Answer: You can expect the Red Cross to do this year what we've done for the past 119 years-to protect and save lives of individuals and families in hurricane prone areas. Red Cross disaster response has not changed. We will continue to provide sheltering, feeding and emergency assistance to those affected by hurricanes. The Red Cross will continue to work closely with local and state emergency management to identify and open safe shelters that complement government emergency management plans to protect the lives and property of citizens as a hurricane approaches. After landfall, one can expect the Red Cross to quickly be onsite providing sheltering, feeding and emergency assistance to hurricane victims.

Question: What about elderly people and those with disabilities?

Answer: Any disaster presents special challenges for elderly people and individuals with disabilities. It is the responsibility of local and state management to make sure evacuation plans are established for the evacuation of these individuals. While the Red Cross does not open "Special needs" shelters per se, all shelters are open and accessible to everyone, including those with specific needs. If the American Red Cross Disaster Health Services determines that an individual cannot be cared for properly in the Red Cross shelter environment, other arrangements will be made for the needs of that individual. Such arrangements include being sent to an appropriate health care facility or to a municipal or state designated and managed "special needs" facility.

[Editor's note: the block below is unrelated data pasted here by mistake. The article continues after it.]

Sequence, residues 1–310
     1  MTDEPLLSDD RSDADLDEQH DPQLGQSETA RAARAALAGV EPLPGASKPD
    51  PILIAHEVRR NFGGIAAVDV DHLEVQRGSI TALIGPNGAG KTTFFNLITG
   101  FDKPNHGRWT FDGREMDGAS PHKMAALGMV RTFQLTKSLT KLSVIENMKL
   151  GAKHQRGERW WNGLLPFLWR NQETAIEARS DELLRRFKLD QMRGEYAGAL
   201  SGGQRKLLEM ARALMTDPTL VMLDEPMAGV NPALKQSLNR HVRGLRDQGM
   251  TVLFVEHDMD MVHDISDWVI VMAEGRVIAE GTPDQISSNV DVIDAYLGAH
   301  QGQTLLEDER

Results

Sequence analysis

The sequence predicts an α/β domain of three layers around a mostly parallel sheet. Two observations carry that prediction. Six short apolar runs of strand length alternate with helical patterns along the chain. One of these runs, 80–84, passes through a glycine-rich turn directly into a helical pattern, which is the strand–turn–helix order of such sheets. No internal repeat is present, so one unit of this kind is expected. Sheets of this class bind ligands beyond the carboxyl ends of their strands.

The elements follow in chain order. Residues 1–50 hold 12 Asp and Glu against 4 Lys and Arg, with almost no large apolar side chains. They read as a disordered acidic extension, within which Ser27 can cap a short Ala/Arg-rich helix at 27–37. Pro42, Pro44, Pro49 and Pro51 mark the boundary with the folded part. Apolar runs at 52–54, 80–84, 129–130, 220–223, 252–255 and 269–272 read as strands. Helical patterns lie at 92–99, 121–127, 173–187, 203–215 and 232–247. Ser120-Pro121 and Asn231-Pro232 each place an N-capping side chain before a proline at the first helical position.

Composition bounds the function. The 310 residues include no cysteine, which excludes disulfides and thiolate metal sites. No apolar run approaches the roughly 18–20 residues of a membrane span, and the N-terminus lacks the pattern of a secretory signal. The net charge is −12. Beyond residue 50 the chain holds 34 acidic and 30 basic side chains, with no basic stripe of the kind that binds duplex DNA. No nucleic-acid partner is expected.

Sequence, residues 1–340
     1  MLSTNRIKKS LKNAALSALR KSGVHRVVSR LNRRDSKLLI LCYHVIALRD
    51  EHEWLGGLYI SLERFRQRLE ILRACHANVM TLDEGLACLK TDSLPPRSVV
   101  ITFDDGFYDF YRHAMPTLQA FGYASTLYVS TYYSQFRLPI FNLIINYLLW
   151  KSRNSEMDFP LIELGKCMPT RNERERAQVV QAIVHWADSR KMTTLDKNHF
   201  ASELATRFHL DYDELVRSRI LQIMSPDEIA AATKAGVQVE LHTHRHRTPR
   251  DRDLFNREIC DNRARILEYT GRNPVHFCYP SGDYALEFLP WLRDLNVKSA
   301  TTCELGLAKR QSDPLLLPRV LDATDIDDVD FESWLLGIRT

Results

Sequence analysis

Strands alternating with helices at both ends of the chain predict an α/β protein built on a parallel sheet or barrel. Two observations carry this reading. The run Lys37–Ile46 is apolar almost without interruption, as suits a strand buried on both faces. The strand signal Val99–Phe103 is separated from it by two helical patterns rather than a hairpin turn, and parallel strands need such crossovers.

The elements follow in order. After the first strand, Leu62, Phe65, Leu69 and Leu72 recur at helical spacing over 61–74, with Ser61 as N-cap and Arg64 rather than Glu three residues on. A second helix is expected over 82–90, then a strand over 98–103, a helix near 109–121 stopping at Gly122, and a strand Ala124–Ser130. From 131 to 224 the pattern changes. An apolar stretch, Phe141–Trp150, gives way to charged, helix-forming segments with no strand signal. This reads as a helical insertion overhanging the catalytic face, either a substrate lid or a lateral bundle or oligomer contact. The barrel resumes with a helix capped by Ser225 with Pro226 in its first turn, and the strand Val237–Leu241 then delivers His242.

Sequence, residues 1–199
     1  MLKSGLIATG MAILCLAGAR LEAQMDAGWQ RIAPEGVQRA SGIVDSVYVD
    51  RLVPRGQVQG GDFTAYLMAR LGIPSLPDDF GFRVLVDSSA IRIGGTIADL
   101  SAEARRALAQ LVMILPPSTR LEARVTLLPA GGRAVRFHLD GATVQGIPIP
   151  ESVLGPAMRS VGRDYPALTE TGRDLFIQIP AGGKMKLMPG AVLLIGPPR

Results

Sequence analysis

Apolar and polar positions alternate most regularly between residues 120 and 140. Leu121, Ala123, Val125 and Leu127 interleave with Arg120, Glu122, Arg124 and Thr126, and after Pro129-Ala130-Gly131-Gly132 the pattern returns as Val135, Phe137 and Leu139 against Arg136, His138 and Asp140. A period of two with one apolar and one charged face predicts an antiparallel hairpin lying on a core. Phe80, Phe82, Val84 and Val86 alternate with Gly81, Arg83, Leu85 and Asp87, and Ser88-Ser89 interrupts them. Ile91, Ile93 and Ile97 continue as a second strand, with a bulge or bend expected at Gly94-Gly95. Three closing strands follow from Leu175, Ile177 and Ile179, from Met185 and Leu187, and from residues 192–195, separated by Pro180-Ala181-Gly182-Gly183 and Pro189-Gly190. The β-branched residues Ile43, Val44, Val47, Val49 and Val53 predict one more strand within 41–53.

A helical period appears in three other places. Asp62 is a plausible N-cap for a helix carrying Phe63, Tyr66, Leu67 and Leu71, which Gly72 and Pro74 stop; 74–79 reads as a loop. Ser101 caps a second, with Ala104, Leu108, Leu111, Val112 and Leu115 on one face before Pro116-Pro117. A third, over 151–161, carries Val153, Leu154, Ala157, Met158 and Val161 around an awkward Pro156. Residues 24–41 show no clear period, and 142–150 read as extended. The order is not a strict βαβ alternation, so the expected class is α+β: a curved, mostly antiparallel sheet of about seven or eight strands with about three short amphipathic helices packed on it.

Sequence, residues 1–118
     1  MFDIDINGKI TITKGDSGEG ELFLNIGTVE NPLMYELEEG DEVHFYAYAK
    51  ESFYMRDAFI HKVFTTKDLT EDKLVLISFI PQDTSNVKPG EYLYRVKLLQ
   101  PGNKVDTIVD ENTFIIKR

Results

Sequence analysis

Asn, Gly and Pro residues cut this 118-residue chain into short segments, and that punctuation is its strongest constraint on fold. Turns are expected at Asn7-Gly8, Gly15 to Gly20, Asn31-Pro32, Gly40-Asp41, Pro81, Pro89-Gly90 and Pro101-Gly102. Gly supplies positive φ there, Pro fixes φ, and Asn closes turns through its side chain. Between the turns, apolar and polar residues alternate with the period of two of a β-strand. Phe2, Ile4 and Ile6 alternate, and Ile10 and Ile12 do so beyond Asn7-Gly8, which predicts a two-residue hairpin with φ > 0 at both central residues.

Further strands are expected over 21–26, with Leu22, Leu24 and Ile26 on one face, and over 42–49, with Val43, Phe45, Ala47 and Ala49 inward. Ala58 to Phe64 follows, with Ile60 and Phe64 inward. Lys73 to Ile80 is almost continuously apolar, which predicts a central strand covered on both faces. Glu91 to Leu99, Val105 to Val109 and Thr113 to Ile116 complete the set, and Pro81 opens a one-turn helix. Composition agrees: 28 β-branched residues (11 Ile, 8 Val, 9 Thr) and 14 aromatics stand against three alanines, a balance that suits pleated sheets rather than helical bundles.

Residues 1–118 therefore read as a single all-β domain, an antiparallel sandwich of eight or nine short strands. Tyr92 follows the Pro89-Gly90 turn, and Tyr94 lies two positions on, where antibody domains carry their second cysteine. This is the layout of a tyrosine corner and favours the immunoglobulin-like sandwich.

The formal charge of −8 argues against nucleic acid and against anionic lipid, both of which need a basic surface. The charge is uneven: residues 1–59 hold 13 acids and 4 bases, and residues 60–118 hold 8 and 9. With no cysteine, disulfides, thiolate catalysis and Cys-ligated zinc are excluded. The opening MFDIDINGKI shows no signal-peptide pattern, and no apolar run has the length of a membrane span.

Question: What about people with beloved pets?

Answer: American Red Cross Disaster Services has a long-standing practice of making special arrangements to accommodate persons who seek shelter in Red Cross disaster or evacuation shelters accompanied by a service animalódefined as a guide dog, signal dog or any other animal individually trained to provide assistance to an individual with a disability. For many reasons, including public health concerns, the Red Cross has not allowed other animals in its disaster or evacuation shelters nor assumed responsibility for providing alternative arrangements for them. The Red Cross recognizes and appreciates the importance of pets to their owners and the sense of responsibility that pet owners feel toward their pets, especially in times of disaster. At all times, including times of disaster, primary responsibility for the care of pets rests with their owners, supported by animal care professionals and by public and private animal-care organizations in the local community.

In addition to community-based organizations, there are national organizations--like the National Humane Society--that can be valuable resources to owners and communities in planning for pet care during disasters. Under a statement of understanding between the Red Cross and the National Humane Society, Red Cross chapters refer disaster-caused animal care needs to the local Humane organization. Using these resources, responsible owners should plan for the safety and care of their animals during such events.